Evangelist plans 'baby ranch' to fight abortion

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The Independent Online

An American evangelist is planning to convert a derelict Victorian mansion in Scotland into a "baby ranch" to take in pregnant girls who agree not to have abortions.

The Rev Bob Hill, of the His Family Church, North Carolina, has been active as a missionary in Scotland for six years and earned a high reputation among fellow religious leaders for his work in helping women, the young and the homeless. But his proposal for Overtoun House in West Dunbartonshire – which is linked to one of the most notorious murder cases in Scottish history – has provoked fears in some quarters of a Victorian-style workhouse in which teenage girls would be taken out of society and "institutionalised".

Mr Hill and his backers are willing to invest more than £2m to convert the derelict former maternity hospital into a sanctuary for up to 12 girls. He is working in conjunction with West Dunbartonshire Council and a number of local religious organisations to develop the scheme, which will be supervised by missionaries from the United States. Mr Hill, a former US Air Force radar technician, says he secured the lease to the 138-year-old building because he claimed to have immediate access to the necessary finance and no need of extra public money to complete the project.

West Dunbartonshire Council is expected to give final approval for the scheme in the next few weeks. But critics have called on the council to consider carefully how the scheme will be funded after claims that the pastor's church is linked to a right-wing religious organisation in the United States called Globe Missionary Evangelism.

GME was founded in 1973 with donations from the Florida-based Liberty Church which is one of four American Christian groups to donate money to the West Dunbartonshire project. Political Research Associated, a monitoring group which investigates right-wing organisations, claim GME operates "boot-camp evangelism".

A spokesman for the Catholic Church in Scotland, which has its own Pro-Life Initiative set up by the late Cardinal Winning, said the church welcomed the project. He said: "It was initially thought it would be run on an institutional basis for any woman facing an unexpected pregnancy. Obviously we had some reservations as to whether that was the best way to provide help.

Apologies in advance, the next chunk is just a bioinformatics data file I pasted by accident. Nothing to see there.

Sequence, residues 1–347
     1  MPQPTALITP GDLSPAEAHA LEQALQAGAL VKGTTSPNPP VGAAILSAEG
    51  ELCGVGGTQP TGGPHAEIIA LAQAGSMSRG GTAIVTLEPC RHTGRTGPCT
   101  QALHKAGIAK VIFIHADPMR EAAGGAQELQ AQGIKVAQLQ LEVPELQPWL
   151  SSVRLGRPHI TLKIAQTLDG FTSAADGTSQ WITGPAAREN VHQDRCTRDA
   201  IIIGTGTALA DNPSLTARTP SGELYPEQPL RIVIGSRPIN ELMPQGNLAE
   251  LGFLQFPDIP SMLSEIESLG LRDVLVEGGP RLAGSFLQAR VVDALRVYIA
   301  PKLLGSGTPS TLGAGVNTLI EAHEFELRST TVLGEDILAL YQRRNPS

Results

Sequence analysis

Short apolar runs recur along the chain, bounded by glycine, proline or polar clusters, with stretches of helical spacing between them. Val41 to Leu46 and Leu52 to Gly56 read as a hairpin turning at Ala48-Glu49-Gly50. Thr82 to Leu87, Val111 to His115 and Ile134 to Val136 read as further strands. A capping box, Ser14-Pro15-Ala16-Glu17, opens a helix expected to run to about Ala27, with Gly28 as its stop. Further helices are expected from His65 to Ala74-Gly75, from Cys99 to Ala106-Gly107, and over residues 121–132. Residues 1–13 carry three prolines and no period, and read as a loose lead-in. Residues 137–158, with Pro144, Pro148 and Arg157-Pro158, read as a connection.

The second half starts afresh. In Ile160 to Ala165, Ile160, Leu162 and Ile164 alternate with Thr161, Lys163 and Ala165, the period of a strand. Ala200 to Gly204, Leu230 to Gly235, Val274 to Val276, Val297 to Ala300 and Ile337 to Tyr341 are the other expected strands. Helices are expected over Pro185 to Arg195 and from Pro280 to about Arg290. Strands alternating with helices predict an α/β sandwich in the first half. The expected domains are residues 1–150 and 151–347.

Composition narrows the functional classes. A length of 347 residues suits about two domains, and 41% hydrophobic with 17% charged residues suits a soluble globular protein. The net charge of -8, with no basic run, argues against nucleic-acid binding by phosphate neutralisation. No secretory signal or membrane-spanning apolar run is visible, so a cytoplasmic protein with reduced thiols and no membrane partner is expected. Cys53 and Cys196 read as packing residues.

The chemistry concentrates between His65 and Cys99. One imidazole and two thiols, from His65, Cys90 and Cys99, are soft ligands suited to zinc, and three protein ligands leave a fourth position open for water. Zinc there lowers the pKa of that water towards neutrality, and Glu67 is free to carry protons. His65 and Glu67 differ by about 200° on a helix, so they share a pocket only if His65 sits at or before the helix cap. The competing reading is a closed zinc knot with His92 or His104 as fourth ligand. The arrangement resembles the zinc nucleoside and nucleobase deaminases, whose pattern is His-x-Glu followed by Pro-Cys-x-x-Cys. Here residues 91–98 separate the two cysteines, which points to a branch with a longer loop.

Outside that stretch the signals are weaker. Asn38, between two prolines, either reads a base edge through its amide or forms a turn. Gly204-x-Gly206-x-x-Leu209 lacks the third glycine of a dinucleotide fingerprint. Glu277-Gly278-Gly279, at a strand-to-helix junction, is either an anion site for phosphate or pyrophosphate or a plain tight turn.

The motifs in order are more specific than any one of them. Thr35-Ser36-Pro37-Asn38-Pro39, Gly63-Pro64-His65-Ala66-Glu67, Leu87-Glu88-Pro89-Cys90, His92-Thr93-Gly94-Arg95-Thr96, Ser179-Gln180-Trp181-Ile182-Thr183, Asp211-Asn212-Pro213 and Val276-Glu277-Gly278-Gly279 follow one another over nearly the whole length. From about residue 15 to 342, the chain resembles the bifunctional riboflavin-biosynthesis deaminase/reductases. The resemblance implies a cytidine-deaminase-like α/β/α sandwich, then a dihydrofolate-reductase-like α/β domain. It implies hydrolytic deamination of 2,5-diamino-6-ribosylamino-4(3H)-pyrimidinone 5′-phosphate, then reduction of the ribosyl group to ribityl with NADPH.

"Our aim has always been to build on the friend and family support that already exists and not take these women out of society and into a central hostel. It now seems this is going to be much more like a drop-in centre which women can go to for classes, crèches, and support and that seems to make sense. To call it a 'baby ranch' as some critics have is stretching it a bit."

The spokesman also played down suggestions that the scheme was linked to the far right. "Pastor Bob Hill is working in conjunction with the local authority and with various churches in Scotland to produce this particular scheme," he said. "We should focus on that as opposed to any other work that's going on in other parts of the world, particularly among certain groups in the states, which is irrelevant."

Overtoun House was built for Lord Overtoun in 1859 by the architect James Smith. His daughter, Madeleine, gained notorietywhen she was put on trial for the murder of her lover who died from arsenic poisoning.The case caused a sensation in Victorian Britain as her love-letters were read out in court and she was portrayed as an innocent seduced by a blackmailer. The jury found the case "not proven".

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